• Review and archive the security log files on a regular basis

  • Security Properties dialog box

    • Used to configure the properties of the security log


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Configuring log properties


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Security log configuration options


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Managing Data Storage

  • Features provided in Windows Server 2003 for managing data storage

    • Dynamic disk

      • Overcomes many of the limitations and restrictions imposed by the traditional basic disk

    • Disk quotas

      • Provide administrators with a way to track and limit the amount of disk space available to users


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Basic versus Dynamic Disks: Basic Disks

  • Basic disk

    • The traditional storage type

    • Divides physical disk space into primary partitions, extended partitions, and logical drives

    • All disks are automatically initialized as basic when Windows Server 2003 is installed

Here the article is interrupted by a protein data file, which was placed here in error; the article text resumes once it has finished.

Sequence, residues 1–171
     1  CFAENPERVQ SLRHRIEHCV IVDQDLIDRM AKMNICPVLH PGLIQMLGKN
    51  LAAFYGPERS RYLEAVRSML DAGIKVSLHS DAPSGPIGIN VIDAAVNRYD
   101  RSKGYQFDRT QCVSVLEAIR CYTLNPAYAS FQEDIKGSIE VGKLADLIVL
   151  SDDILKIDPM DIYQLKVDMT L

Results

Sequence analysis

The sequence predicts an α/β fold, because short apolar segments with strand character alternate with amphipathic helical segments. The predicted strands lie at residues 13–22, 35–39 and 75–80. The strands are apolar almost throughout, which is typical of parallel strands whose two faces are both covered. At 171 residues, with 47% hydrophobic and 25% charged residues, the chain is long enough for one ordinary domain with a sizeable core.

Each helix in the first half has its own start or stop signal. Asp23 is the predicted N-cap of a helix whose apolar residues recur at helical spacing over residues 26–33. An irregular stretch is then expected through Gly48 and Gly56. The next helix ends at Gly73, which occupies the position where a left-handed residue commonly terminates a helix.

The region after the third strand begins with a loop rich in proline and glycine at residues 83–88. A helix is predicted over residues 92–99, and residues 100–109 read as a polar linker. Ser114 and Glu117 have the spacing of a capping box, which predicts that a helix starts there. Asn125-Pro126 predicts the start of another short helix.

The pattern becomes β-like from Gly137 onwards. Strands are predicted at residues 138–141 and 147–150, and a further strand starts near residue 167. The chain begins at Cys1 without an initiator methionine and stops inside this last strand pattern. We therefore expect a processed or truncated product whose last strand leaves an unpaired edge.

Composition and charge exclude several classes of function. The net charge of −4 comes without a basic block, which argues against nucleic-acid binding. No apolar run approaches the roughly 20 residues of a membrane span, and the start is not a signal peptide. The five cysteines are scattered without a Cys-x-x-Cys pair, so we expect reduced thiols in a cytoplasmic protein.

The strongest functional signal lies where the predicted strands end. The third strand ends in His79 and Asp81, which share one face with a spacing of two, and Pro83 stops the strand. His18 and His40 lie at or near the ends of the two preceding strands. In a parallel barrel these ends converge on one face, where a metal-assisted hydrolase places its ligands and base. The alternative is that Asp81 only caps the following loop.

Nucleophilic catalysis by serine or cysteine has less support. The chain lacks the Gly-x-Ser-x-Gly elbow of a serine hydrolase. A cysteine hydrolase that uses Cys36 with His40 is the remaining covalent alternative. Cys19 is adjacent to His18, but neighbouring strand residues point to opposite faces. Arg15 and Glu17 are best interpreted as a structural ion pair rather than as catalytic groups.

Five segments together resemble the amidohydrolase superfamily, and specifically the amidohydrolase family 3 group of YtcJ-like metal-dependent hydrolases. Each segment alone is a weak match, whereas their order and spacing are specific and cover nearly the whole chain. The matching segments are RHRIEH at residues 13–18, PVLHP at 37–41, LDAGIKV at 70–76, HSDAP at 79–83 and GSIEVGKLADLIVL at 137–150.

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Dynamic Disks

  • Divides physical disk space into volumes

  • Some reasons for implementing dynamic disks

    • Volumes can be extended

    • RAID volumes can be configured

    • Missing or offline disks can be reactivated

    • Changes to disks can be made without having to restart the computer

    • Mirrored and RAID-5 volumes can be applied

  • The Disk Management snap-in can be used to

    • Centrally configure and manage volumes

    • Convert a basic disk to a dynamic disk


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Graphical view within Disk Management


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Configuring Volumes